We must all look in the mirror to see what we have become and whether we can live with what we see. What are we doing within our organizations to help out all of this talent that is just looking for another opportunity? We can no longer do business as usual.

Serving others

I did reply to the request from my friend for my “sage advice” (her words) and we will do coffee, lunch, dinner or drinks. I will make sure that I double my efforts to reply to every phone call, email or request that comes my way.

My mother’s favorite quote was “ There but for the Grace of God go I.”

I also remember the words of Martin Luther King, who said in one of his speeches:

If any of you are around when I have to meet my day, I don’t want a long funeral. And if you get somebody to deliver the eulogy, tell them not to talk too long. And every now and then I wonder what I want them to say. Tell them not to mention that I have a Nobel Peace Prize — that isn’t important. Tell them not to mention that I have three or four hundred other awards — that’s not important. Tell them not to mention where I went to school.

I’d like somebody to mention that day that Martin Luther King, Jr. tried to give his life serving others.”

The words of a true leader.

How are you serving?

Ron Thomas is Managing Director, Strategy Focused Group DWC LLC, based in Dubai. He is also a senior faculty member and representative of the Human Capital Institute covering the MENA/Asia Pacific region.

He was formerly CEO of Great Place to Work-Gulf and former CHRO based in Riyadh. He holds certifications from the Human Capital Institute as Global Human Capital Strategist, Master Human Capital Strategist, and Strategic Workforce Planner.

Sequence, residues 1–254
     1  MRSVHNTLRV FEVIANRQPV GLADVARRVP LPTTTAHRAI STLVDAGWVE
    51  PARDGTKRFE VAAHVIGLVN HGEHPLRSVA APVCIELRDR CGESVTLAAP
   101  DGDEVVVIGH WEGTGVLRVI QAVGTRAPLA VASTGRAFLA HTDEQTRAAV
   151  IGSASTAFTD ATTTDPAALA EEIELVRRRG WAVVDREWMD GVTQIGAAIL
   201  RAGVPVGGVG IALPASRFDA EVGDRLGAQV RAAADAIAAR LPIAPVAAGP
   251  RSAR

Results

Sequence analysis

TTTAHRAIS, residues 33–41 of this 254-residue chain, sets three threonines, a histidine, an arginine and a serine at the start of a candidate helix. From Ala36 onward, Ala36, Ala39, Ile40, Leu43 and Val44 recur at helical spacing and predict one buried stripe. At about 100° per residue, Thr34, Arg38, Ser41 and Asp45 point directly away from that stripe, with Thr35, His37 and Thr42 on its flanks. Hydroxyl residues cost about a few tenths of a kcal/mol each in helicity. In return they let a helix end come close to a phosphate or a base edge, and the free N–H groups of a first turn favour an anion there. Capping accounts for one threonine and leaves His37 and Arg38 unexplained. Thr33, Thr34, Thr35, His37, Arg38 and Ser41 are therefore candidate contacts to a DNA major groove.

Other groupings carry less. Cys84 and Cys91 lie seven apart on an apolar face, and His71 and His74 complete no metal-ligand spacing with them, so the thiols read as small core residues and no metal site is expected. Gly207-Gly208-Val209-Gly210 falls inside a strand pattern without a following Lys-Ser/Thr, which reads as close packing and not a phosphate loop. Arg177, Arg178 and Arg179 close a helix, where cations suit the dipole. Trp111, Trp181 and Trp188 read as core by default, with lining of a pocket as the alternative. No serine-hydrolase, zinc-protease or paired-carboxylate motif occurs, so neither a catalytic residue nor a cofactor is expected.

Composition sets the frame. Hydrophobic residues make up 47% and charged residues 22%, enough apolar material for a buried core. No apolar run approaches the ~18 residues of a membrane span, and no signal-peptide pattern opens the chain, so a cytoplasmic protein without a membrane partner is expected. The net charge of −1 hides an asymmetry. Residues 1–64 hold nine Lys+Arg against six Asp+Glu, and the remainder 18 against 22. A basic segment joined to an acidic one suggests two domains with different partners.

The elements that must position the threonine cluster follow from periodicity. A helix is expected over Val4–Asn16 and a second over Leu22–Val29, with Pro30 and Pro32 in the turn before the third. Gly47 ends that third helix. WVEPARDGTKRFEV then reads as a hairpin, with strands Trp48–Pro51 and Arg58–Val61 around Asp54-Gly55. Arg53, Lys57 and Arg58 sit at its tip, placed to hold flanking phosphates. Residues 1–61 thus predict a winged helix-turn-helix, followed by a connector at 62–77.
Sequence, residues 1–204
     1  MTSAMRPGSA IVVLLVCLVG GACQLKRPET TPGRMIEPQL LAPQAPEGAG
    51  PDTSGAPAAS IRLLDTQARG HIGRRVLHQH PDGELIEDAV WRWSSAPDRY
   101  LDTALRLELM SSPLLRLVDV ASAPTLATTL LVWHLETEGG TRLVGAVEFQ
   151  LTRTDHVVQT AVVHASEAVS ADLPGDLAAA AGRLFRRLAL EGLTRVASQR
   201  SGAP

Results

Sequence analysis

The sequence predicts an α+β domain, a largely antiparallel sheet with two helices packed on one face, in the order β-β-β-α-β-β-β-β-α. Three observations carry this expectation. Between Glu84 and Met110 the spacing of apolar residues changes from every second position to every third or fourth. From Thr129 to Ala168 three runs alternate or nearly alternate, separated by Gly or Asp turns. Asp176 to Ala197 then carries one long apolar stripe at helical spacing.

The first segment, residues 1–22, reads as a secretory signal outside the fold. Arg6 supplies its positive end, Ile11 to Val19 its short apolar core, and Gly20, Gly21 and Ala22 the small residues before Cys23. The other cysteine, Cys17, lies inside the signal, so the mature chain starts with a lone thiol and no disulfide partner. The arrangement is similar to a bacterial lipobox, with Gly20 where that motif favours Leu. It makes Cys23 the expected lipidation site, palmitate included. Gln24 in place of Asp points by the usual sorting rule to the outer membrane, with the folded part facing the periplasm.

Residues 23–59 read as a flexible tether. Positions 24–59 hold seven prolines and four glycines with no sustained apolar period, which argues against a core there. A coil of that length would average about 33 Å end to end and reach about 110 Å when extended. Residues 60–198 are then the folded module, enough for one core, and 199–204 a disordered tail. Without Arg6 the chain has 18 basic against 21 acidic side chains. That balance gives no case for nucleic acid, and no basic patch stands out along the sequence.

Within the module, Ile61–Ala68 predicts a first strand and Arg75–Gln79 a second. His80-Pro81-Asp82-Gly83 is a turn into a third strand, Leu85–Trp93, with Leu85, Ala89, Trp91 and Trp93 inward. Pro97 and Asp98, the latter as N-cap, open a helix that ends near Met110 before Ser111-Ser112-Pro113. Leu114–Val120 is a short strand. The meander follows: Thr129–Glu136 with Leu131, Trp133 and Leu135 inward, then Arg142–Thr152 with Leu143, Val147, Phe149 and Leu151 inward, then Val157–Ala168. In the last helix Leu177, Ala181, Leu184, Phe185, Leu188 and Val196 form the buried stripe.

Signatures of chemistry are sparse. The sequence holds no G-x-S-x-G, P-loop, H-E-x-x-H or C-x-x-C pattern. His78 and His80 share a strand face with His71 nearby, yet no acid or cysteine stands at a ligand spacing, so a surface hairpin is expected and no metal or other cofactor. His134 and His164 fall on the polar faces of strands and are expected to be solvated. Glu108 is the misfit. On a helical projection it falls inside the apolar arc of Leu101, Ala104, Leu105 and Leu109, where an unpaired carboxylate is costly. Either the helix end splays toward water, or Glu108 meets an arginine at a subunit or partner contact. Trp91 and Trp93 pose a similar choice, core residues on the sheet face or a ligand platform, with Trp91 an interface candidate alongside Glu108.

He's been cited by CIPD as one of the top 5 HR Thinkers in the Middle East. He received the Outstanding Leadership Award for Global HR Excellence at the World Human Resources Development Congress in Mumbai, and was named as one of the 50 Most Talented Global HR Leaders in Asia

Ron's prior roles included senior HR positions with Xerox HR services, IBM, and Martha Stewart Living.

Board memberships include the Harvard Business Review Advisory Council, McKinsey Quarterly's Executive Online Panel, and HCI's Expert Advisory Council on Talent Management Strategy.

His work has been featured in the Wall Street Journal, Inc. Magazine, Workforce Management and numerous international HR magazines covering Africa, India and the Middle East.

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1 Comment on “The Mark of a True Leader: Helping Talent to Find Another Opportunity

  1. The mark of a true leader is also helping talent develop professionally while that talent still works for you.  This is not just limited to professional education but may also involve helping promote that talent into positions of increasing responsibility.  This may mean moving that talent out of the leader’s span of direct responsibility and into another leader’s span.  Leaders mitigate risks associated with such moves but cultivating other leaders who can move into positions that people move from.

    In doing this, leaders demonstrate, by actions, that they are committed to the professional growth of their people.  These actions are also an affirmation of their commitment to the success of the organization.